Bruce Elder – Sydney Morning Herald
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“It is rare to hear genuinely original music these days, but when you listen to the Crooked Fiddle B...“It is rare to hear genuinely original music these days, but when you listen to the Crooked Fiddle Band, your mouth will drop open.”
Live Review : Peats Ridge Festival, 2012
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If there’s one band that has become synonymous with the Peats Ridge Festival it’s The Crooked Fiddle...If there’s one band that has become synonymous with the Peats Ridge Festival it’s The Crooked Fiddle Band. The Gypsy-infused Sydney foursome have been at almost all of the Peats Ridge Festivals over the years and always draw a massive crowd. The fact that they refer to the Peats Ridge stage as “home” shows just how comfortable they are at the festival.
When The Crooked Fiddle Band took to the stage at this years festival it was to a roar of a full Lyrebird tent and they did not disappoint. Their live show crackles with an energy few other bands can match and their frantic brand of gypsy-instrumental music had the audience up and dancing immediately.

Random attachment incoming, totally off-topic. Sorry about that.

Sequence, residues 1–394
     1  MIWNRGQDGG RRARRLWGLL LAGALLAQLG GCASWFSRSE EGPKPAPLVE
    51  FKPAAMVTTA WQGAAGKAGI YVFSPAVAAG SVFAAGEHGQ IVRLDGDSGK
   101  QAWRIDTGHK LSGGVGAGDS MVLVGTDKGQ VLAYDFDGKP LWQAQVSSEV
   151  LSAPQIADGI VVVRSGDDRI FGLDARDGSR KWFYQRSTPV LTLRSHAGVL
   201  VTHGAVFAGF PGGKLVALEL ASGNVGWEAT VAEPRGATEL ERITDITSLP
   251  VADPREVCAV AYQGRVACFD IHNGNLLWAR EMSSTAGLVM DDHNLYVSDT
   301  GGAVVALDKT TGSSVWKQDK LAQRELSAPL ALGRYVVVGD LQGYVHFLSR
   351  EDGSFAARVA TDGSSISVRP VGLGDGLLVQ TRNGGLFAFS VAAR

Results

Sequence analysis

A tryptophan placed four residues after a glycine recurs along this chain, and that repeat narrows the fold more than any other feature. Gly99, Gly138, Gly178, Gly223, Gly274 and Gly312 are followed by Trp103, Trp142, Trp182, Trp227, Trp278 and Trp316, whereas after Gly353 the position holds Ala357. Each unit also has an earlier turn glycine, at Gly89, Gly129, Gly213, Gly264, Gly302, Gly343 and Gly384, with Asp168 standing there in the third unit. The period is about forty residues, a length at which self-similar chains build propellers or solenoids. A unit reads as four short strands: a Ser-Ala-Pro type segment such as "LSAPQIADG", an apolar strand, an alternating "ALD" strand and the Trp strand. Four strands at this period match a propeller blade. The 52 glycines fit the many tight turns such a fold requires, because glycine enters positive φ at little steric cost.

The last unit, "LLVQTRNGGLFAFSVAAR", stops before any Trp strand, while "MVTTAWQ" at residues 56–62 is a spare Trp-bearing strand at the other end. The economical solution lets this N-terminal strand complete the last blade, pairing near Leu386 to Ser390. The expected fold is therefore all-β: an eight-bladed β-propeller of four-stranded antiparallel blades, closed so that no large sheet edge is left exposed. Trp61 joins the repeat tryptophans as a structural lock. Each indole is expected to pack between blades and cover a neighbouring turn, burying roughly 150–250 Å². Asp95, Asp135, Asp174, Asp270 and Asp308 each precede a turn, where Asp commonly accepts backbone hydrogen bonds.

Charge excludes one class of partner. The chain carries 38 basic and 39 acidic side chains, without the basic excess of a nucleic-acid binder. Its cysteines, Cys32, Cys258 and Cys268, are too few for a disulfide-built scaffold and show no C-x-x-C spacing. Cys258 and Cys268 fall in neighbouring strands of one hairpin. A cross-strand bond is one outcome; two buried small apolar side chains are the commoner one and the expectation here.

Peppering their set with old favourites (like “The Rom Rebellion”) and tracks from their new album Overgrown Tales The Crooked Fiddle Band delivered an amazing show that was over far too soon (as is the trouble with stringent festival schedules). Somewhat surprisingly my favourite song from the set was not one of the danceable numbers but instead was The Hobbit inspired “Over Hill and Under Hill”, a rambling, medieval piece that really transports the listener into the narrative of the piece (no mean feat considering the track is an instrumental).